National Institute of Informatics - Digital Silk Road Project
Digital Archive of Toyo Bunko Rare Books

> > > >
Color New!IIIF Color HighRes Gray HighRes PDF   Japanese English
0034 Notes on Marco Polo : vol.2
Notes on Marco Polo : vol.2 / Page 34 (Color Image)

New!Citation Information

doi: 10.20676/00000246
Citation Format: Chicago | APA | Harvard | IEEE

OCR Text


630   212. DRY (LONE) TREE

Bolod cingsang, the well-known M ongol informant of Rasidu-'d-Din, reminded Ghazan of the famous tree near which his (Ghazan's) remote ancestor, Chinghiz-khan's grand-uncle Qutula (« Kubilakaan »

in Hal, II, 116, is a wrong reading), had been enthroned and around which the Mongols had danced to the point of beating down the ground around it by one ell (Hal, ix, 116; cf. the parallel account in the Secret History, § 57, and see « Cinghis », p. 335) ; it had since become a favourite resort for pilgrims.

For Polo's Lone Tree, another hypothesis has been proposed, which deserves more attention than PAUTHIER's. When speaking above of the name used by Polo, I have discarded HOUTUMSCHINDLER's explanation as diraht-i sol, but that does not mean that the tradition of the cypress of Zoroaster cannot be taken into consideration. HOUTUM-SCHINDLER'S intricate and somewhat contradictory theory was that Polo, while mentioning a diraht-i sol, « sol tree », which was the cypress of Zoroaster, hence his «Arbre Sol », had confused it with a solitary big Oriental Plane, the one which he, in fact, described as « Arbre Seul », « Lone Tree ». If we leave out the mistaken etymology of « Arbre Sol », a possible connection with the cypress of Zoroaster, already suggested by YULE (Y, I, 131), had been accepted, a few years before HOUTUM-SCHINDLER, by LE STRANGE (LS, 356), who said of the legend of that cypress : « It is possibly the origin of Marco Polo's ' Arbre Sol which we Christians call Arbre Sec '.»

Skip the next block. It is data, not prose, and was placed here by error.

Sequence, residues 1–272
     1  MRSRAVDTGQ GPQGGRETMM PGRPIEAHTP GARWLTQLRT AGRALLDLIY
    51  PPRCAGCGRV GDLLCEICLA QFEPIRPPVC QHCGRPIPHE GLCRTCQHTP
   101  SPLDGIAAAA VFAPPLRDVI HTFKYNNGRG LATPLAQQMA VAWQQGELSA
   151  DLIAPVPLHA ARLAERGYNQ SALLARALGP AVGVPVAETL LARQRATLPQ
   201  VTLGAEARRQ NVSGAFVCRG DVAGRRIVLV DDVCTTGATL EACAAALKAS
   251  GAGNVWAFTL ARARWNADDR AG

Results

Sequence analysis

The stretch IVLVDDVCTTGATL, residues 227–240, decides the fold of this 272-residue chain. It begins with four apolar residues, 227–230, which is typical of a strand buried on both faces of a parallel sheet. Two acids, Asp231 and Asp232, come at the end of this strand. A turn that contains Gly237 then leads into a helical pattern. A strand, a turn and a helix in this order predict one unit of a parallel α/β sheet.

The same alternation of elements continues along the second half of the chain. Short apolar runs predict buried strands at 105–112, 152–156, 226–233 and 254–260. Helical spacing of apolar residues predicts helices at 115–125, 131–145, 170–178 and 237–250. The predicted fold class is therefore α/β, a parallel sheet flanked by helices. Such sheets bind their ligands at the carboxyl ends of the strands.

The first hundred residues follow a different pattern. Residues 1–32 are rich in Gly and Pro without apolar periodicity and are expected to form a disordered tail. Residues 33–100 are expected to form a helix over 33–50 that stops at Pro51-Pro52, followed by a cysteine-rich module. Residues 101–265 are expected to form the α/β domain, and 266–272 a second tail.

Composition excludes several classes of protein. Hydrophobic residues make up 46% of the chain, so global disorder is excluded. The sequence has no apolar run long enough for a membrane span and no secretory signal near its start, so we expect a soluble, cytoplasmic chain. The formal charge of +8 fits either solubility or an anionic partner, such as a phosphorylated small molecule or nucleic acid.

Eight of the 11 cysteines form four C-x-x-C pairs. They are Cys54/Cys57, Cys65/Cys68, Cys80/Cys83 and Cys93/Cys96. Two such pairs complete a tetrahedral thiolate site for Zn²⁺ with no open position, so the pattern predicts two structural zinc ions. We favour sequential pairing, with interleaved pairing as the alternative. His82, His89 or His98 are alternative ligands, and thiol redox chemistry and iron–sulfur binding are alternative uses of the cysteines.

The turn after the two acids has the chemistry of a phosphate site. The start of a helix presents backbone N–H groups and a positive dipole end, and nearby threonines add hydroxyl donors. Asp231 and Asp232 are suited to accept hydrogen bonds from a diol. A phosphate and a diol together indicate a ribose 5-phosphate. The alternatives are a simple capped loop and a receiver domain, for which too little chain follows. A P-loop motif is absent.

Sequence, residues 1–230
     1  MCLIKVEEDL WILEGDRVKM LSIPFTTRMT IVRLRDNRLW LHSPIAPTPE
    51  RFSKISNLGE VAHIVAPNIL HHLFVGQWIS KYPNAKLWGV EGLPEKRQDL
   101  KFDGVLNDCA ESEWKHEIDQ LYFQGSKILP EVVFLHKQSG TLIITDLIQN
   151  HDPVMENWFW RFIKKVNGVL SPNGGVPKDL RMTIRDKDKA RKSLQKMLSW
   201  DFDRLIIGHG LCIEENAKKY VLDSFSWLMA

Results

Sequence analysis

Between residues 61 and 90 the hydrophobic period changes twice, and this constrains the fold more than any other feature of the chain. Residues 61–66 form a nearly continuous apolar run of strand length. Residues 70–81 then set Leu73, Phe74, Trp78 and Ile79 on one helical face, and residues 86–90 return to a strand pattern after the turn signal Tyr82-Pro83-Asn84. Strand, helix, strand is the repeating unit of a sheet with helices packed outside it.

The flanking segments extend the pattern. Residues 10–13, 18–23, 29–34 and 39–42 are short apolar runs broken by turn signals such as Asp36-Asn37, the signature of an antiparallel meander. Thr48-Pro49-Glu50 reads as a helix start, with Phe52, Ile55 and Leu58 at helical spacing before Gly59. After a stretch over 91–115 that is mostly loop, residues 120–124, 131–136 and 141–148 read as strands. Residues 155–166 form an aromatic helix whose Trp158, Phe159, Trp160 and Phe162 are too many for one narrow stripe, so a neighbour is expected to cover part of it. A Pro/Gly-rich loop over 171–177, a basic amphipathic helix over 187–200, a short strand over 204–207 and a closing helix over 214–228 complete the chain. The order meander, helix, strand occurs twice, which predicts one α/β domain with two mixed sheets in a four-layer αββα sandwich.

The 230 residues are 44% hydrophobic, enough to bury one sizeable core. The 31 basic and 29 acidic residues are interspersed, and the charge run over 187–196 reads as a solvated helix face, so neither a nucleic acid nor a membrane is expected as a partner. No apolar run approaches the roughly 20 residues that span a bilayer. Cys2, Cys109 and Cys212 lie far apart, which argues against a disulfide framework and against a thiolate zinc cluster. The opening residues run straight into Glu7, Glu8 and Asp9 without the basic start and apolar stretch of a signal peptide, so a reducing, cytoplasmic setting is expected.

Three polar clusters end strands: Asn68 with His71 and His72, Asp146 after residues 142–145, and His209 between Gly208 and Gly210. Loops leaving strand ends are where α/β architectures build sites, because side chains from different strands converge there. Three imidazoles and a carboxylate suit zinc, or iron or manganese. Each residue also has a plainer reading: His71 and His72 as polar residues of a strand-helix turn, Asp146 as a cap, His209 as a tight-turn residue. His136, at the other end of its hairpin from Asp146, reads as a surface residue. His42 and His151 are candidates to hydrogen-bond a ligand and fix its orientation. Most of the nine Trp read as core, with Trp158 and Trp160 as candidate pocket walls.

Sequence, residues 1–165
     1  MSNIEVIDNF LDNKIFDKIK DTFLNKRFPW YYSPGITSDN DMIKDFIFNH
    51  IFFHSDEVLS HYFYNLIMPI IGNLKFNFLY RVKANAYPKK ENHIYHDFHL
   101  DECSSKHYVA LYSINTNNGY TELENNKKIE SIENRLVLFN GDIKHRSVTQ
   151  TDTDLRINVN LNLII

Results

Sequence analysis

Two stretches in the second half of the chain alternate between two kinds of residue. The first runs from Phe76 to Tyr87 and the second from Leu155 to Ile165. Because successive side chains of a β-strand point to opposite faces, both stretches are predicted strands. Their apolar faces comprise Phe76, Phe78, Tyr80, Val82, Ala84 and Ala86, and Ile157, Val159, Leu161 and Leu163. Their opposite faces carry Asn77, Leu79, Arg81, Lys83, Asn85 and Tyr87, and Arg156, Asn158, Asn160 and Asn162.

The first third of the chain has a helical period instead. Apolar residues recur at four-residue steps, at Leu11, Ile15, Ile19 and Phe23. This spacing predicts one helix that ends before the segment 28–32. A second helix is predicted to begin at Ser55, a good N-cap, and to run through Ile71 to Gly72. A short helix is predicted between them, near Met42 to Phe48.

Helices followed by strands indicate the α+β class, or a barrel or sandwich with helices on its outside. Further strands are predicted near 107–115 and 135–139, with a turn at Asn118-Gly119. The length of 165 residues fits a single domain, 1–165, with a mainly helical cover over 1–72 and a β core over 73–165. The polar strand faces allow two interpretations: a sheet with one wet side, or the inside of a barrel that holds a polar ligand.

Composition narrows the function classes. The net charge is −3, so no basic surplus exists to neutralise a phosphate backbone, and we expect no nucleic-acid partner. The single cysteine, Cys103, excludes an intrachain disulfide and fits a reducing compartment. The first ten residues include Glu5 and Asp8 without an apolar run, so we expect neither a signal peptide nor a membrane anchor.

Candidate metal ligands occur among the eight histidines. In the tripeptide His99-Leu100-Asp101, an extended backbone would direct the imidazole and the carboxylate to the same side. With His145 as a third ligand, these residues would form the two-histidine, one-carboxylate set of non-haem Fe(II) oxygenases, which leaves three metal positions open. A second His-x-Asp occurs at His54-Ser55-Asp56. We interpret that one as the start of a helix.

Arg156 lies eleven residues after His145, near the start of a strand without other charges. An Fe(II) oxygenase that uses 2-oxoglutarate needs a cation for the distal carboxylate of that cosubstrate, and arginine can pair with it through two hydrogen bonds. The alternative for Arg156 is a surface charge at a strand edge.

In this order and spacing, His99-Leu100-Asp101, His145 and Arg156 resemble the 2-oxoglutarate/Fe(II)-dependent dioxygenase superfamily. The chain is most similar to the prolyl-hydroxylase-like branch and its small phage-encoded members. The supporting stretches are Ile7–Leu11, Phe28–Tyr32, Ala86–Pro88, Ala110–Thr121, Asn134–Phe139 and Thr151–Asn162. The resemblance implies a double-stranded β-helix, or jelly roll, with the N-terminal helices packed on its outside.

Even at the cost of a partial duplication of YULE'S statements, it may be useful, in view of what I shall have to say on the « Dry Tree », to copy here LE STRANGE's summary of the legend (I adapt the spelling of Oriental names to the system used in the present notes) : « Mustawfi [writing in 1339-1340] states that at the village of Kismar, near Tursiz, had stood the celebrated cypress-tree, originally planted by Zoroaster as a memorial of the conversion of King Gustasp to the Magian religion. This tree grew to be larger than any other cypress that had ever been, and according to the .5dh ndmäh it sprang from a branch brought by Zoroaster from Paradise. Such too was its power that earthquakes, which frequently devastated all the neighbouring districts, never did any harm in Kismar. According to Qazwini [writing in 1275] the Caliph Mutawakkil in 247 (861) caused this mighty cypress to be felled, and then transported it across all Persia, in pieces carried on camels, to be used for beams in his new palace at Samarrâ. This was done in spite of the grief and protests of all the Guebres, but when the cypress arrived on the banks of the Tigris, Mutawakkil was dead, having been murdered by his son. » In a note, LE STRANGE adds that there is nothing about the Kismar cypress in Tabari or apparently in any of the earlier Arab chronicles, and that an amplified version of the story is found in the Dabistdn, a work of the 16th cent. (it is quoted by YULE). Another cypress-tree, which had also risen from a shoot brought by Zoroaster from Paradise, was said to exist at Ferumad, in the region of Tus, about 100 miles east of ahrud and 16 miles north of the high-road to Mesed (cf. Y, I, 131; HOUTUM-SCHINDLER, in JRAS, 1909, 158). YULE was also much impressed by Mustawfi's mention at « Bostam » (so written in our maps; more anciently Bastàm or Bislam, south-east of the south-eastern angle of the Caspian) of a « dry tree » (diraht-i husk) said to have originally been the staff of Mahomet (or of Moses; cf. JRAS, 1909, 161).

But has Polo's Lone Tree or Dry Tree anything to do with any of those, and if it has, with which one? YULE started from the fact that Polo more than once speaks of the « Lone Tree » or « Dry Tree » to characterize the whole northern and north-eastern frontier of Horasan : all the